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Brake Fluid: Flush Or Not?

Q. Mr. Ciulla, Good afternoon, I have a 1997 Nissan 200-SX SE-R, manual transmission, with approximately 58,000 miles. I read your DIY article on changing disc brake pads and had a couple of questions. In the section where you discuss removing the caliper and using a C-clamp to push back the piston, you write that failing to have removed half of the brake fluid from the master cylinder will result in needing to have the vehicle repainted.

Brake Fluid: Flush Or Not?

I'm having difficulty visualizing how the brake fluid would get all over the car's exterior here. Can you explain? Also, when you change the brake pads do you recommend changing the brake fluid? My owner's manual discusses adding brake fluid if the reservoir gets low, but it doesn't state anything about replacing the fluid. I thought I read that you can change the brake fluid using a turkey baster. So basically, would you recommend changing the fluid, and how would you do it?

Have a great day, excellent web site!!

A. Let me regail you with a little story as I am wont to do now and again. I was doing a brake job on, of all cars, a Ford Pinto. I had finished replacing the pads on the passenger side and was working on the drivers side. As I was compressing the caliper piston something started dripping on me. I look up and there was something dripping down the side of the car. It was brake fluid.

I didn't take some out of the master cylinder and with the periodic topping off, as it says in your owners manual, there was not enough room in the master for all the brake fluid. So the fluid squirted out of the sides of the master cylinder cover and onto the fender and windshield cowl.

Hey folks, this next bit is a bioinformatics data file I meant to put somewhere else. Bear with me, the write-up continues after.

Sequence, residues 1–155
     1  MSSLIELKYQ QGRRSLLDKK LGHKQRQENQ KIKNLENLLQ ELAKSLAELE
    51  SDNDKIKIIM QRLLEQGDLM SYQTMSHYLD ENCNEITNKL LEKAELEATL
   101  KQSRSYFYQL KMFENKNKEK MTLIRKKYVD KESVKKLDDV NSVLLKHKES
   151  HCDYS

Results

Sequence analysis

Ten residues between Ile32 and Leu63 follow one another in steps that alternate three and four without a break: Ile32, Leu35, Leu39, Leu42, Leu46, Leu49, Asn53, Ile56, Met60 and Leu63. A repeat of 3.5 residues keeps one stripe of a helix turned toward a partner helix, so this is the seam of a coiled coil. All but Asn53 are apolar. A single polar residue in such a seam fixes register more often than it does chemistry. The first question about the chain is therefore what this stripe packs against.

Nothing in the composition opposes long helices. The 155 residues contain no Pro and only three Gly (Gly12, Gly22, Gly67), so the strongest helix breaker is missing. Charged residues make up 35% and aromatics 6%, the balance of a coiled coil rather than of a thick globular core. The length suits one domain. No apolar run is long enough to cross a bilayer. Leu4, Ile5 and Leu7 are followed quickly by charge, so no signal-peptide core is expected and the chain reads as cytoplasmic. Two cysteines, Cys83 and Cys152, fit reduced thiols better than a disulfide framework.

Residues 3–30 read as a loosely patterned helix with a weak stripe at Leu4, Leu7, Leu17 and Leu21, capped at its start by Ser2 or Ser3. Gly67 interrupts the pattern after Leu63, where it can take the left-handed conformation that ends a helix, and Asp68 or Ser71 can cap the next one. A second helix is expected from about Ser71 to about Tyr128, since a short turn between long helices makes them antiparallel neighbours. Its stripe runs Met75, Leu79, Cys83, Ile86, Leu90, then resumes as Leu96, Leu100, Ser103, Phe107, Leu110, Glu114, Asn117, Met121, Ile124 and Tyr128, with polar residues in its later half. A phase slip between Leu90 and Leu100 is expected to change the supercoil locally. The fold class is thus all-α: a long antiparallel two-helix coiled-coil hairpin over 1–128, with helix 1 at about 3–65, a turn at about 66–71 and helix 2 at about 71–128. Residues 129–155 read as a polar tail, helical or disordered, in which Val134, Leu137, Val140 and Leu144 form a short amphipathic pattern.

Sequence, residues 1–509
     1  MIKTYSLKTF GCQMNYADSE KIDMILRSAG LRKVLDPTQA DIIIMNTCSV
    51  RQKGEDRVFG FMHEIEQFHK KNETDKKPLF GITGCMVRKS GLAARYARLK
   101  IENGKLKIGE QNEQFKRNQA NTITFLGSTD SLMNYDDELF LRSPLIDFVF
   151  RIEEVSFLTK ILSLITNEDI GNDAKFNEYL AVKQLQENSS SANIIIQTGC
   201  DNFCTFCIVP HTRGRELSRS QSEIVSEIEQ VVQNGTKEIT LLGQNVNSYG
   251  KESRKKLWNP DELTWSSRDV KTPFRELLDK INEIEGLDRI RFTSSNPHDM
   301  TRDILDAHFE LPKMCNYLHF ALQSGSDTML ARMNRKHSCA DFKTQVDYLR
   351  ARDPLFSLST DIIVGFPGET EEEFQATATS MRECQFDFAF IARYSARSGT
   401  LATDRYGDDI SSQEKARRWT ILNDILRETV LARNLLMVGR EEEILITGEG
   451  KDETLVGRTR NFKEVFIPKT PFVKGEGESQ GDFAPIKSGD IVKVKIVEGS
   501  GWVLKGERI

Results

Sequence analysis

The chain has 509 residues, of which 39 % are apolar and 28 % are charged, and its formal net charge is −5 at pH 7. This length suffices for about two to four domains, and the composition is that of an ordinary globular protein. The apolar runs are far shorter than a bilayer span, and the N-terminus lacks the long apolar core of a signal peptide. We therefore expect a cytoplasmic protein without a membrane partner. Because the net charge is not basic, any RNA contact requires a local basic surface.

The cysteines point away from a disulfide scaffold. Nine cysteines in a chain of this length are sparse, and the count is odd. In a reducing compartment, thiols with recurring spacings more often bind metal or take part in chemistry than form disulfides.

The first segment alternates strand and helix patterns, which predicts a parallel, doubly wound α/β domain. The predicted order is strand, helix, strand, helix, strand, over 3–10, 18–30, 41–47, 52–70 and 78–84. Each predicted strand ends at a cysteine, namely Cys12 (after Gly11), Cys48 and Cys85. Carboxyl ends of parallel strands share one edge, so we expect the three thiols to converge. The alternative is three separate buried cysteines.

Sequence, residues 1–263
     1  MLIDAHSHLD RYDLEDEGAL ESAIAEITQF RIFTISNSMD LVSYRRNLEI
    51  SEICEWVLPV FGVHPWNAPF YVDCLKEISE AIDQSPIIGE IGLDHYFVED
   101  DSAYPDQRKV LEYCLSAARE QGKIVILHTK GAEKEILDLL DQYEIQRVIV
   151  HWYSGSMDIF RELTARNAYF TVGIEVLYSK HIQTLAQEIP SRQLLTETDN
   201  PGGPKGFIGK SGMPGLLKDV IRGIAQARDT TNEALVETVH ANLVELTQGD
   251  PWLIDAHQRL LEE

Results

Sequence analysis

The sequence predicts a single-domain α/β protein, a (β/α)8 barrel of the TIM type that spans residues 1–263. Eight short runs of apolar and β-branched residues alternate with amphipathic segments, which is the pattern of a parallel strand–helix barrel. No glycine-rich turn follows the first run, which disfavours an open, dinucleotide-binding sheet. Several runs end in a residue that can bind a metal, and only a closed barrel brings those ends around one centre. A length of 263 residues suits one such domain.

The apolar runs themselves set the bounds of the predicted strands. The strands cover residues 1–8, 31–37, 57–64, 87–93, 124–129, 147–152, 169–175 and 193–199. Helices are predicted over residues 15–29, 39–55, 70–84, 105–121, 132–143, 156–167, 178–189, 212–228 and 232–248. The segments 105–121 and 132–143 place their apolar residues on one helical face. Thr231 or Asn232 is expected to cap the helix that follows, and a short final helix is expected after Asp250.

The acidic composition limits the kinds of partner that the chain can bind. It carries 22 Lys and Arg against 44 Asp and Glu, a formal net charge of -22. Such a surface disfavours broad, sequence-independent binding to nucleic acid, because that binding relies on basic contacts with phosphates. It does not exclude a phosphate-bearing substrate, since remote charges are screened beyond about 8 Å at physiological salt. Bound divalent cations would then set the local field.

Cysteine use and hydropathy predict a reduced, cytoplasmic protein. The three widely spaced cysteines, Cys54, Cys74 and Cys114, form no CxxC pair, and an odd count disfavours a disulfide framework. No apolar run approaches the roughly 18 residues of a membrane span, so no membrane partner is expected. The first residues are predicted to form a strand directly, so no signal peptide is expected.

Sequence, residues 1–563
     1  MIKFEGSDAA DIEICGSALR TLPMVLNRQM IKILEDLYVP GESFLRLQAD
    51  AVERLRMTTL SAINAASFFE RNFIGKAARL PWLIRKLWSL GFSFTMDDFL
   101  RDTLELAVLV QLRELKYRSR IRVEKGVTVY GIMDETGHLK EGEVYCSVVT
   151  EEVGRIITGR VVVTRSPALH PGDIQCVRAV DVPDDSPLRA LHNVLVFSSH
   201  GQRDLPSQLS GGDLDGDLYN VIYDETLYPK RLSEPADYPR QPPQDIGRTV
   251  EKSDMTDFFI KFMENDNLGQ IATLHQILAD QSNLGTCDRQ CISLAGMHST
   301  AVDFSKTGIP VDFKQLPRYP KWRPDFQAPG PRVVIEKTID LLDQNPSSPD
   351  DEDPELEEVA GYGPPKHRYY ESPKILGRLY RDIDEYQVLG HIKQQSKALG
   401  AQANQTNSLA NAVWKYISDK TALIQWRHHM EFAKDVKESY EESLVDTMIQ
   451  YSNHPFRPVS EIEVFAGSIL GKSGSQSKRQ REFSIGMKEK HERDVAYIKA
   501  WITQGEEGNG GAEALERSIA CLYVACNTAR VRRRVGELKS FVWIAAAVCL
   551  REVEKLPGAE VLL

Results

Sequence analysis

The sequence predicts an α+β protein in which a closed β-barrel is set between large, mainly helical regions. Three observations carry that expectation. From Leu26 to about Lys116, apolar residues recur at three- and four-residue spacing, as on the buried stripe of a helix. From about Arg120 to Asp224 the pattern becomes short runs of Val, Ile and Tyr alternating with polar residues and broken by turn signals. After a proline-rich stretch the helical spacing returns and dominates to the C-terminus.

Brake fluid eats paint. In fact I use it to remove paint from locomotive shells before I paint them. I was lucky that I caught it quickly so I was able to wash it off, brake fluid is water soluble, and a compound and wax fixed up any paint damage. Of course I had to do the whole car, but it was better than paying for a paint job.

Modern master cylinders with a screw on cap have a vent in them. If there is more fluid than the master can hold, it comes out of the vent like a fountain. If it is a push on cap, well, they just pop off like a water balloon exploding. So it is a good idea to take at least half of the fluid out of the master before doing brakes.

A turkey baster is good for taking fluid out of the master cylinder. In fact it is what I use. But, you need to replace the fluid in the lines. So I remove all the fluid from the master, pour in some clean fluid and clean the inside of the master with a brush. Then I take that out, fill it with clean fluid and start bleeding from the master cylinder on back.

I keep bleeding until I get clear fluid out of the bleeders. This should be done every two years because brake fluid absorbs moisture from the air and lowers the boiling point of the brake fluid. If the brake fluid boils it puts air in the system and you lose braking power.

As long as there are no leaks in the brake system, there is no need to add brake fluid between brake fluid flushings.

Additional Information provided courtesy of ALLDATA

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